• Other Mulch: Other multi-season organic mulches include seed and nut hulls, cocoa bean hulls, corn cobs, and sawdust.

Inorganic Mulch

  • Rubber: Often manufactured to look like wood or bark, recycled rubber mulches are commonly used in playgrounds and walkways. Rubber mulch is the topic of debate among environmentalists, as the benefits of recycling weigh against the potential for off-gassing of toxic chemicals into the air and ground water.
  • Rock: Stone, gravel, and crushed rock are highly resistant to wind and maintain their appearance for years. Since rock absorbs heat, it often gives gardens a parched appearance.

Rubber mulch is often used in play areas as it is mimicked to look like wood with a softer feel. (Pawel Gaul/Getty Images Signature)

Applying Mulch

Spread mulch to a depth of 2” to 4” and keep it back slightly from stems and trunks to avoid smothering the plants. Avoid a “volcano” effect around tree trunks – trees grow their roots to varied and specialized depths and can be sabotaged by an extremely thick layer of mulch.

Mulch in Garden
Mulch is not just an effective barrier for your plants, but can be used decoratively as well. (ronstik/Getty Images)

Beautifying Your Garden with Mulch

In designing your garden, think of mulch as the elegant background that allows your ornamental plants to show their stuff.

Mulching not only makes mowing easier around trees but also calls attention to attractive bark and trunk shapes. For a balanced appearance around small ornamental trees, consider making the mulch ring the same diameter as the treetop.

Mulch can also be used to set off an area in a pleasing shape and act as a design feature in its own right to:

  • Eliminate the need to grow grass in a shady area.
  • Accentuate a prize tree or shrub.
  • Provide a shapely curve in the overall lawn design.

Also consider using more then one type of mulch for design purposes.

While river stones often appear white or gray when dry, they can display beautiful colors when wet.

Whatever your design or purpose, your plants will be protected from extreme temperatures, weeds, and short dry spells by a protective layer of mulch.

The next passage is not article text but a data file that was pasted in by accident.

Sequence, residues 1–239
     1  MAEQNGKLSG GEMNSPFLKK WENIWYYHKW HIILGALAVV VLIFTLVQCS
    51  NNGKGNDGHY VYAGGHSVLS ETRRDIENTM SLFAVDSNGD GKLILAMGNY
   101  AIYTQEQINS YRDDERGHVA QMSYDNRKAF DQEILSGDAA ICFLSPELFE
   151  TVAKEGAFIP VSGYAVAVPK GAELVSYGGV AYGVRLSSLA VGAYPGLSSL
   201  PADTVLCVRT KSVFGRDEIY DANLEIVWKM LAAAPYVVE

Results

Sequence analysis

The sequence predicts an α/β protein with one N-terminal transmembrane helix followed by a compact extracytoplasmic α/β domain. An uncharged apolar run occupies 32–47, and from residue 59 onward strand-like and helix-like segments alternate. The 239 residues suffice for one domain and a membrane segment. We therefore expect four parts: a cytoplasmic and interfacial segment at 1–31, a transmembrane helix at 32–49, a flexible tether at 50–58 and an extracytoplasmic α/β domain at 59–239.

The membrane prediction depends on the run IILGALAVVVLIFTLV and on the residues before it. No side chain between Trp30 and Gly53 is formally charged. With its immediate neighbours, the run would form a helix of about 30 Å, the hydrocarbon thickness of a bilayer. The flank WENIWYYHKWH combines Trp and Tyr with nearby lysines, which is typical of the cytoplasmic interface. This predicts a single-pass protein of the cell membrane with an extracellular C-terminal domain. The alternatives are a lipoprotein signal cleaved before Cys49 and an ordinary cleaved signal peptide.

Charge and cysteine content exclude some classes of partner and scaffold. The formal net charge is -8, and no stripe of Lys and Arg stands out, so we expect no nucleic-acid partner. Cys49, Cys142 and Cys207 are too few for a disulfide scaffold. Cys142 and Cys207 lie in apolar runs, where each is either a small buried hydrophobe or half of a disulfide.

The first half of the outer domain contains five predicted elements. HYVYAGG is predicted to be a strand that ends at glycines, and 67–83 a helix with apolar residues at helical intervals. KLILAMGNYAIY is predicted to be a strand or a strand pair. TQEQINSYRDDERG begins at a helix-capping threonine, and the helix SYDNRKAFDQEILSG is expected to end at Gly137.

Further Reading


  1. You can buy polished river stones that look more like the wet stones. For a sample, check out:

    As for the bulk river stones at your local landscaping supply yard, the only solution I know of is to coat them with a “wet look” sealer, lacquer, or shellac. One example of such a product can be found at:

    I would recommend reserving that method for stones that will not be in contact with dirt or ground water, due to the environmental impact. Practically speaking, the sealers work best with stones imbedded in mortar, such as on a fireplace or backsplash.

    If you find any other solution, please share. The stones just come to life when they are wet – it’s amazing.


  3. My neighbour cut a tree and the lanscaping company which cut the tree was kind enough to give a half load of natural wood mulch. Is there a way to color these wood chips to Cedar red color, so that it goes well with my lanscape?

    Any input will be helpful.

  4. Hi! Most of my plants are actually in pots, whereas most of the tips I find are for full scale gardens. Should the same principles apply? I really just want to mulch so I can recycle organic material in the garden.

  5. I was talking to a landscaper, he was telling me he added something to the mulch to weigh it down. I cannot remember what it was. Any ideas?

  6. I was told from someone who does pest control that mulch and pine straw next to the house are bad because of termites. Living in Florida i want to do all I can to keep termites away. What kind of mulch or ground cover do you recommend next to the house?